Stronger . . . Services Agreements for Benefit Plans

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Holland & Hart - The Benefits Dial

With the exception of certain small businesses, being an employer generally means offering an array of benefits to remain competitive in the worker marketplace.  As the employer grows, typically so does the list of employee benefit plans being offered.  This naturally translates into more service providers, and for good reason.  Employers typically don’t possess the knowledge and skillset to offer these benefits in-house, and ERISA, which applies to most employee benefit arrangements, requires the plans to be administered in accordance with some of the highest standards of care under law. As a result, employers are frequently hiring and replacing service providers.

Today’s post focuses on some tips for employers in a sometimes-overlooked aspect of the process of hiring a service provider – the contract between the employer and the provider.  In concept, the service provider agreement is relatively simple – it needs to set out each party’s role and responsibility in delivering the employee benefit.  As always though, the devil is in the details.  Below are some tips for employers:

  • Request and review a copy of the provider’s standard contract as part of the request for proposal (RFP) process. Employers too often see the contract for the first time after the provider has been selected and during, or shortly before, implementation.  Although it is not often possible or practical, employers should try to negotiate an understanding as to the key provisions during the RFP process when the service provider may be more willing to agree to changes.
  • Consider business objectives and business events at the outset. Providers often seek longer term commitments in the contract (often to support the level of service and fees promised in the RFP process) and those terms may be coupled with liquidated damage provisions should the initial contract term not be honored.  Employers need to be mindful of this and ensure that flexibility is provided for certain business events that may occur during the term of the contract.  Employers should also understand what other financial and service consequences may be imposed when the contract ends (e.g., forfeiture of revenue sharing, performance guaranty payments, etc.).
  • Indemnification. An indemnification provision typically requires one party to make the other whole for losses arising from the plan.  Much of the risk associated with offering the benefit is contractually allocated through this provision. Providers not offering an insured benefit typically view their role as a directed-party and are reluctant to take on plan liability.  As a result, the provider typically seeks indemnification protection for any loss that is not a direct result of the provider’s gross negligence or willful misconduct (generally, the lowest liability thresholds permitted by ERISA).  This is often a surprise to employers who expect the provider to be an expert (since that may be how the provider portrayed itself during the RFP process).  Depending on leverage, providers may be willing to agree to indemnification standards more favorable to the employer.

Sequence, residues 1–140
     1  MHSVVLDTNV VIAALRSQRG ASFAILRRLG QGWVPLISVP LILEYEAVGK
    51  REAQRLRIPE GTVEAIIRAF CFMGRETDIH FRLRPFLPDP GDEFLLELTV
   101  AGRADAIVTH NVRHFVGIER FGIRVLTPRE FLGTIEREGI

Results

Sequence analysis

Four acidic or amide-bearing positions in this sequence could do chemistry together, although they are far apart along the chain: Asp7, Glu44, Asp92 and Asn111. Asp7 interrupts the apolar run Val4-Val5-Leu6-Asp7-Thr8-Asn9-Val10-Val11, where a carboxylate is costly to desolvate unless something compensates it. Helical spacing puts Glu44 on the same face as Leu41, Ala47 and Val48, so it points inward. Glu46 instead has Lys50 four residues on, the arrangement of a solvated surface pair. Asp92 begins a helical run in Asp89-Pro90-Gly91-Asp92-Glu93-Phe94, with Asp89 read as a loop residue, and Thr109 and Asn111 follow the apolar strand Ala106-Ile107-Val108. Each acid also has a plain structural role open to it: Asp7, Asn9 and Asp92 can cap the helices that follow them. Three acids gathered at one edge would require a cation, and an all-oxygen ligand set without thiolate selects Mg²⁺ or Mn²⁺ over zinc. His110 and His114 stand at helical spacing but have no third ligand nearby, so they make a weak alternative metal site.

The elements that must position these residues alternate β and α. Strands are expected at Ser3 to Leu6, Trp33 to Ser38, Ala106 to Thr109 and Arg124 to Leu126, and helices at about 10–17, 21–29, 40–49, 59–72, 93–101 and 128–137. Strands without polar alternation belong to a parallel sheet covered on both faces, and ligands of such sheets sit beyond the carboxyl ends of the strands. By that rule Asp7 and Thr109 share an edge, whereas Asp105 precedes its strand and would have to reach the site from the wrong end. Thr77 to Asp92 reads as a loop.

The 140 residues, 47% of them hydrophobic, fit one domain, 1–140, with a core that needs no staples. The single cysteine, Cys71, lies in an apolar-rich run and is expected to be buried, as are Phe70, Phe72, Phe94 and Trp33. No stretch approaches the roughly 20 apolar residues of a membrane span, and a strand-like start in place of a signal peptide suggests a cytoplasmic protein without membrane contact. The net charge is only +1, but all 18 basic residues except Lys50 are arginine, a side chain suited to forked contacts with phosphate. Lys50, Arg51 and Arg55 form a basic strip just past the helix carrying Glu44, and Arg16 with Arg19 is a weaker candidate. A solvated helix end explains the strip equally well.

• Privacy & cybersecurity. As the world evolves around us with respect to privacy of data and cybersecurity threats, so should the contract.  Provisions that should be considered for the contract include information security reviews (annual third-party security audits), procedures for security breaches, provisions on use and sharing of private information (including representations on standards of care with respect to security), provisions on document retention/destruction, and provisions requiring cyber liability and privacy insurance.  In our experience, providers are generally receptive to addressing these provisions in the contract.
  • Disguised transfers of risk under the contract. Employers should identify and assess language that might subtly transfer risk under the contract back to the employer. An example of such a provision is language which requires a third-party (typically a court or arbitrator) to affirmatively find fault with the provider’s actions to trigger the employer’s indemnification right.  With such language, the employer may need to undertake the cost and time associated with getting a third-party decision to enforce the indemnity provision.  This makes it unlikely an employer would go through that effort for low-dollar disputes, and accordingly, effectively transfers the risk with those disputes to the employer (and leverage in negotiating a resolution to the dispute).  Similar provisions include, deemed acceptance of report provisions and provisions where the employer waives its right to participate in a class action.

DISCLAIMER: Because of the generality of this update, the information provided herein may not be applicable in all situations and should not be acted upon without specific legal advice based on particular situations.

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